Went out yesterday to my early spot here in cedar county just north of I80 and found 4 grays an inch tall. Had to stop due to the storms rollin in but will be goin back out in the morning. Season has finally started!!!!
Went out in Des Moines today and found 22 grey and yellows in about 25 minutes. Not finding much in Ames though, I did notice the Jacaranda trees in Des Moines are in full bloom, but here in Ames they're just starting to bud.
I have found 1! And only one! I am in warren county and I have no clue as to where these suckers are hiding. I don't wanna hit up public parks as I'm sure they have all been found already. Any Suggestions?
Cumming/Winterset area we found a few. Yesterday we went out in the morning & found about 15 between my mom & I. We found about 40 the night before. They were all in the same general area, a 2 acre patch. Most were 1-2 inch grey/blonde. We were on the top of the hill in a partially shaded area. Hope this helps encourage y'all! Keep Shroomin' & Happy Picking
Btw, webmaster the image menu tab needs a select from photos option if possible
We used to consider grays and yellows and the big-footed morels separate species until DNA analysis showed they were all the same mushroom. Which means that little grays will grow into the bigger yellows if you give them a week to 10 days under the right conditions. Soil temperatures statewide are fine for morels. Given rain and warmth, they should be popping up everywhere. Get outdoors!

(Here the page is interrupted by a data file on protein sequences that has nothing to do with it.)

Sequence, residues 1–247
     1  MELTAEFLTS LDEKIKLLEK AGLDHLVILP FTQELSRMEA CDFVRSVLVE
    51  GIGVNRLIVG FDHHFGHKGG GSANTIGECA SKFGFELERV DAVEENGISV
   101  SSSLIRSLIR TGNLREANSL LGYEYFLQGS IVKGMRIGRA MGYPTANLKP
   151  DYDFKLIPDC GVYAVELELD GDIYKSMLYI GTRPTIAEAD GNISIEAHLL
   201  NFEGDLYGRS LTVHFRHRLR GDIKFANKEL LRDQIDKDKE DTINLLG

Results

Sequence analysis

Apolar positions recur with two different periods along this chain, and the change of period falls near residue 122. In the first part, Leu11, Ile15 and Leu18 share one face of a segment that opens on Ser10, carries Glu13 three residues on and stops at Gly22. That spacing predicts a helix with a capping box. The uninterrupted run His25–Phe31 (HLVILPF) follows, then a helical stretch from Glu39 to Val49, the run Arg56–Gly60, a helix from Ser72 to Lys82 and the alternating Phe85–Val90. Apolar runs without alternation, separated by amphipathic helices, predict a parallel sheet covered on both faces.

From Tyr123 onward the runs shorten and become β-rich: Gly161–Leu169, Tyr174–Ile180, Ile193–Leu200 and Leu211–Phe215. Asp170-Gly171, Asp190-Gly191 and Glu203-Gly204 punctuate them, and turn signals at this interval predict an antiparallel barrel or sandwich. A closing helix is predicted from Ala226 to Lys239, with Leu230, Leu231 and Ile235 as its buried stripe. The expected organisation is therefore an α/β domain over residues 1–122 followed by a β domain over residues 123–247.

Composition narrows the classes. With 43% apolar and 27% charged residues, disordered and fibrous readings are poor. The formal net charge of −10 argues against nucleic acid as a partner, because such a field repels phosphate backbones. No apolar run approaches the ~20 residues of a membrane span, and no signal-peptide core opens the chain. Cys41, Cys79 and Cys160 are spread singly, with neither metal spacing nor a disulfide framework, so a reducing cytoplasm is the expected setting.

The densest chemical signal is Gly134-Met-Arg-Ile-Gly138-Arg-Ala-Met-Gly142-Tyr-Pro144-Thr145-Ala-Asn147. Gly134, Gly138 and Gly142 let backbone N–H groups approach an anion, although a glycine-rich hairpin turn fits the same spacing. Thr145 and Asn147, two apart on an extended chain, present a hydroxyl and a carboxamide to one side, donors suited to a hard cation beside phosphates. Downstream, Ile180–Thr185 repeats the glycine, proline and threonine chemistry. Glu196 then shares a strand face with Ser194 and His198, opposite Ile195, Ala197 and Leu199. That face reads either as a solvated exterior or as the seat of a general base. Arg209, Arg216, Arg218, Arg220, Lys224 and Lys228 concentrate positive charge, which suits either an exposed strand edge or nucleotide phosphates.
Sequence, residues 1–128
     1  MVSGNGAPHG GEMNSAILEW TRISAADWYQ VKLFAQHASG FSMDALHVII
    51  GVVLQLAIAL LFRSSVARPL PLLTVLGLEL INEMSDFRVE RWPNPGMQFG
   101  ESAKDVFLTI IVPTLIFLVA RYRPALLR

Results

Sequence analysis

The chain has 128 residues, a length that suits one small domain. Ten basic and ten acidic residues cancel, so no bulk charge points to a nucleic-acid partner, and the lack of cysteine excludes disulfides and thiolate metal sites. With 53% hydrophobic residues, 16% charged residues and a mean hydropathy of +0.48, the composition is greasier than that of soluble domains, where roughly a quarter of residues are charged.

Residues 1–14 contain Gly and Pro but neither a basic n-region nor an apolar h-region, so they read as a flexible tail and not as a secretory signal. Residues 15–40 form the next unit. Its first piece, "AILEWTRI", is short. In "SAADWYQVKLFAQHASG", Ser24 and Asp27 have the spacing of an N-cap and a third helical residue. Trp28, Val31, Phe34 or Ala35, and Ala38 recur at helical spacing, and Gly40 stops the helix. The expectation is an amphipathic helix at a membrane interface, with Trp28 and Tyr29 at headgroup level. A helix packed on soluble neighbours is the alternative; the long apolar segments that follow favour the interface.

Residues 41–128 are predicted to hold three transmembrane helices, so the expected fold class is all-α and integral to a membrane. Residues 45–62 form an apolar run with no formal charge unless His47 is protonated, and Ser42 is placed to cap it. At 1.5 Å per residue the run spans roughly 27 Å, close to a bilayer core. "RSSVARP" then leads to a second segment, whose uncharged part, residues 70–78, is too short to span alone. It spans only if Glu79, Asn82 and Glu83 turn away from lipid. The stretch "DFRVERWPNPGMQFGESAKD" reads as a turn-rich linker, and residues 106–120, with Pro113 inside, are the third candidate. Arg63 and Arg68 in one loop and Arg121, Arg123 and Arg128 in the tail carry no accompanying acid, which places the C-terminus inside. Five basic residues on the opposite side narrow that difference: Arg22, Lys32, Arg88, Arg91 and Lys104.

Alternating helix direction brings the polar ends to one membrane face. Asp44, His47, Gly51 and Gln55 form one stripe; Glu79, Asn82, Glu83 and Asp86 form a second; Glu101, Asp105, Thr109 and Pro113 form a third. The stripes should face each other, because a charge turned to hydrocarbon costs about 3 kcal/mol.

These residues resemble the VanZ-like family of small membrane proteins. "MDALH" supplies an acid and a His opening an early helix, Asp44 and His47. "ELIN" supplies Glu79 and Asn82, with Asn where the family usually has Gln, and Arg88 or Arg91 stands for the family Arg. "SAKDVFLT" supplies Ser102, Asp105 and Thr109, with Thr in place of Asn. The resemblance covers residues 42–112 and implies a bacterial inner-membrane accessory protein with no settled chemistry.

That's right, Mike. Like most, I always thought of the "grays" as different, i.e., early morels. It seemed the grays came first and then the yellows followed. Lo and behold, DNA analysis proves they are the same species. The early grays are, in fact, immature yellows!
Take a look at this cluster of 9 yellows...a week ago they were grays:
Wow, Shroom god. That's a dream find there, the holy grail, as it were, in my mind. Love the clusters. But who wouldn't? I found something similar to that big gob of wonder just behind a massive dying elm on the uphill side of it up high at the top of a bank near a fence line late in the season about 10 years ago. Thought I'd pass out right there on that slope I was so excited. It looked so hard to get there that I'd been walking past it for a few weeks before I steeled myself to make the climb up the steep slope and through the stickers and weeds to get there. Needless to say, it was worth the effort! Every season since, I've been hoping to run across a similar cluster. But no such luck. I still walk past that tree, long dead and toppled over, decaying in the dirt and sticker bushes, producing morels no more. Maybe Sunday...
Sure Greys are baby yellows, but like asparagus, the young tender shoots are tastier! As the soil warms grey pops are isolated to the cooler microclimates then it's the yellows only. I'm done when I get enough for me and friends and leave the late season big and fast turning rusty ones to repopulate or those who want them because I think the flavor is lessened.
We all have our theories even if science- based. I prefer thick outer bumpy and thin inner smooth of early to late mid season over the thicker inner smooth of and thinner outer bumpy part of late season morels so I stop when I get 60#_ 75# each year. I know how to find, pick, and the basic science so I really just skip past the advanced arguments about why shared observations, technical terms, and descriptions of finds are scientifically wrong. I like others findings and take it for what it's worth.
Good pickings and don't litter- please pack out your trash
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